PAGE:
Apple’s CEO turns 52 as he rallies up his troops for a new direction
Born November 1, 1960, Timothy D. Cook is turning 52 today. After one year as fully-instated CEO, the Apple boss has had a profound impact on Apple Inc., and appears to be at it still, going by his latest actions.As Apple’s Chief Operating Officer (COO) under Steve Jobs’ lead, Cook established most of Apple’s highly-lucrative relations with overseas suppliers, putting the company on a profit spree.
In 2010, Apple was on its way to becoming the most profitable name in tech. Soon thereafter, Apple had become the most valuable company in the world.
An operational whiz at heart, Cook took over the reins from Steve Jobs when the latter was no longer (physically) fit to carry out his duties.
Although he admittedly lacks Jobs’ vision, Cook seems equally driven to get things done.
He proved it this year by juggling several approaches to streamline Apple’s operations, both externally, and internally. Some of them panned out, others didn’t – as was the case with John Browett, which marked one of Cook’s worst hires.
Most recently, however, he shook up the entire executive branch at Apple, ousting two SVP’s. Of those two executives, one was Scott Forstall, chief of iOS.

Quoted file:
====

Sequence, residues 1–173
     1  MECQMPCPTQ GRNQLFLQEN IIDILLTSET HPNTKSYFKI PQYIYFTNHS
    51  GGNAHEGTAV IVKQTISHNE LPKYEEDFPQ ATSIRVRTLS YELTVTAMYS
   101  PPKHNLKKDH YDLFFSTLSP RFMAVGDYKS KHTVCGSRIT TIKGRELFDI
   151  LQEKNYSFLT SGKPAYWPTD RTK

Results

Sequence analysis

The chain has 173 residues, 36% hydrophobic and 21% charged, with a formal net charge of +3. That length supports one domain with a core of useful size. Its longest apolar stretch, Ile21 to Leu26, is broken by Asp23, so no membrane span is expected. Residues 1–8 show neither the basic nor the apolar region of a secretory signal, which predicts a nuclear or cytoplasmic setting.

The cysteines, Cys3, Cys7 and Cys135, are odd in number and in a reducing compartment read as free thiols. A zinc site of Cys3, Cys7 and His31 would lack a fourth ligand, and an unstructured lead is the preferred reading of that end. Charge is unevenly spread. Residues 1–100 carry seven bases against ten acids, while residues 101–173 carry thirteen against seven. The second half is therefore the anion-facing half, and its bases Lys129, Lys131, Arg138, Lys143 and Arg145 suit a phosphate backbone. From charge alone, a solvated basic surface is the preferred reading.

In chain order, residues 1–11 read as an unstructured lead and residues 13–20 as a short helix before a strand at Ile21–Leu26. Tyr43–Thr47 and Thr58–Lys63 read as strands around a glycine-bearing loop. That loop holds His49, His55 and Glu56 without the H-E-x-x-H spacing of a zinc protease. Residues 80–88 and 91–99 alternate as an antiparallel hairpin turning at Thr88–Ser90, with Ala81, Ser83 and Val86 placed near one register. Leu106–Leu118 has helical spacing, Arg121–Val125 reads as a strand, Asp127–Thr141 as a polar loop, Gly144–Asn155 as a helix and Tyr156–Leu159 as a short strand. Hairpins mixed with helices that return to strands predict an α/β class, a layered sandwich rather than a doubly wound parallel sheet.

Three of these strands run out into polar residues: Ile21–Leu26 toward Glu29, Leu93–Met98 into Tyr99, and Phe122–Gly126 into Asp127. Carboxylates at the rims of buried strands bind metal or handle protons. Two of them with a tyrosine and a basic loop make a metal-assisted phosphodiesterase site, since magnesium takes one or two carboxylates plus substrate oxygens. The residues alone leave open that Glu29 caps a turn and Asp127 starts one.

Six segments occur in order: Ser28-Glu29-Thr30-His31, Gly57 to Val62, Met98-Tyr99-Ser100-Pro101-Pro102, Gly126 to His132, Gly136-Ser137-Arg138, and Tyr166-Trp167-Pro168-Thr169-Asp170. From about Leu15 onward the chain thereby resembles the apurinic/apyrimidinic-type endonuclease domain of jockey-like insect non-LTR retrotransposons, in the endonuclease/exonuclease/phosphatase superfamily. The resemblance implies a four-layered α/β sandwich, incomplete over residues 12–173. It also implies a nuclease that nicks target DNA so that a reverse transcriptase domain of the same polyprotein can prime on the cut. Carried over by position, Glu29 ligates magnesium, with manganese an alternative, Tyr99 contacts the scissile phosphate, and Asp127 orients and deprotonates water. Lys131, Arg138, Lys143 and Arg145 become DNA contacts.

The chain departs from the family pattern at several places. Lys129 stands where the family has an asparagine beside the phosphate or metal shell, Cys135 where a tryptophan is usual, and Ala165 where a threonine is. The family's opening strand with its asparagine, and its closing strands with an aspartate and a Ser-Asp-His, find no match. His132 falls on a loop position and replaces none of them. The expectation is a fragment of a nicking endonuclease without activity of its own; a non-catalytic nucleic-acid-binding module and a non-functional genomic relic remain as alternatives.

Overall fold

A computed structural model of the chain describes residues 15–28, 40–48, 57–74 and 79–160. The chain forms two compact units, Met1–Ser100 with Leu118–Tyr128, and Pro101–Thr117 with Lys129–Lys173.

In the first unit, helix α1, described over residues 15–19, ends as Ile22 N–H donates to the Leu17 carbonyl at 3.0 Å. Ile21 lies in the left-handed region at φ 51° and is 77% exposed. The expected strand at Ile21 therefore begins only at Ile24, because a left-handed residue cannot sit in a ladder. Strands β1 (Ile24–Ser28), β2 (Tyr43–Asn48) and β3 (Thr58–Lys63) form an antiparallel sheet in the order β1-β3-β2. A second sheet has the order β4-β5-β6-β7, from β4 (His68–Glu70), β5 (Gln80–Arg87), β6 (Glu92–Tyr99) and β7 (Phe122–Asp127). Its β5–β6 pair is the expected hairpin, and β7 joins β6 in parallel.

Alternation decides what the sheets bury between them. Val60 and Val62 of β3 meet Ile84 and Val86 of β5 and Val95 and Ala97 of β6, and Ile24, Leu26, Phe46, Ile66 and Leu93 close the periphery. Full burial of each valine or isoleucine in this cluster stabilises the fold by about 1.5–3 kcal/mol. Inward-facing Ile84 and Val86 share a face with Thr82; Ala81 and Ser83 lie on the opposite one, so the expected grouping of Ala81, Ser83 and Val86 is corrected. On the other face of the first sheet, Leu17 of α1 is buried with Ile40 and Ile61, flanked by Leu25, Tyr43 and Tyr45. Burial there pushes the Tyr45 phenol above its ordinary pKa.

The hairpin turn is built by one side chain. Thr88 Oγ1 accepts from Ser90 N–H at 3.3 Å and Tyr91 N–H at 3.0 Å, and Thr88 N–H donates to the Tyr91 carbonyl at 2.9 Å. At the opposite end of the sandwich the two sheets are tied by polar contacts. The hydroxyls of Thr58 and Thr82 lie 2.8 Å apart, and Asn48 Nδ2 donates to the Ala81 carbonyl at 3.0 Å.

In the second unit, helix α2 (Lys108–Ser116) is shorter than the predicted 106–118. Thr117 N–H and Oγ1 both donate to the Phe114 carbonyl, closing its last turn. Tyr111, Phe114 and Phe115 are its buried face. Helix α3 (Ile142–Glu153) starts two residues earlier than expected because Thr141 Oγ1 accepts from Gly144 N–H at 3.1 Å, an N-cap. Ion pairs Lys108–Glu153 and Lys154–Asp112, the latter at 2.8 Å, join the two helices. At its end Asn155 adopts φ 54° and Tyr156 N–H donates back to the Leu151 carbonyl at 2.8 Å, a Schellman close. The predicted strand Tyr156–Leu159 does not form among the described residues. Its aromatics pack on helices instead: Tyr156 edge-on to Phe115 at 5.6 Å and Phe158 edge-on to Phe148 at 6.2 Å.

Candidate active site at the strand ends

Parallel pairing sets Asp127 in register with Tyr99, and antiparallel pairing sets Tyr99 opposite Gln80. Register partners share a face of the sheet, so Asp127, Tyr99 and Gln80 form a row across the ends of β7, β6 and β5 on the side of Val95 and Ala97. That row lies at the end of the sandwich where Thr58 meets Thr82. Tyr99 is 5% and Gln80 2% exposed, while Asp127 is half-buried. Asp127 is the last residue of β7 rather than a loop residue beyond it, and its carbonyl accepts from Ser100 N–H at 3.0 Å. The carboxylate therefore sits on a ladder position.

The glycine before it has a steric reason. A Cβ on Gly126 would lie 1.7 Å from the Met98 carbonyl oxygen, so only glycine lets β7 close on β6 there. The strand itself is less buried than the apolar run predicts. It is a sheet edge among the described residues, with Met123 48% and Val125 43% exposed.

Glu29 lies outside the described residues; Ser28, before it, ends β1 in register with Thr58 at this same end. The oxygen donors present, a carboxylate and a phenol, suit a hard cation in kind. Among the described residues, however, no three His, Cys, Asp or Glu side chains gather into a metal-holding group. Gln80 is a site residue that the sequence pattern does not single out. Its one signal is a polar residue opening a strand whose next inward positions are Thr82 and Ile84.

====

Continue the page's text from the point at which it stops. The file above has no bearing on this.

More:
Cook decided to take a huge risk and split Forstall’s duties across other high-profile executives at Apple, including Jonathan Ive, the company’s design guru.
In regards to these changes, Matt Drance, a former Apple employee, said, “We learned a lot about Tim Cook yesterday,” referring to Apple’s October 29 announcement.
“Tim Cook has pulled the reins in. Federighi owns software. Ive owns design. Cue owns services. Period,” Matt Drance wrote on his outsider blog.
This remark could well act as a good summary of Apple’s 500-word press release, but also of Tim Cook’s methodology. We sincerely hope it works for the company, and for himself.
Even if things take a turn for the worse, we can’t say we’re not impressed.
Until then, happy birthday Tim! And many more at Apple.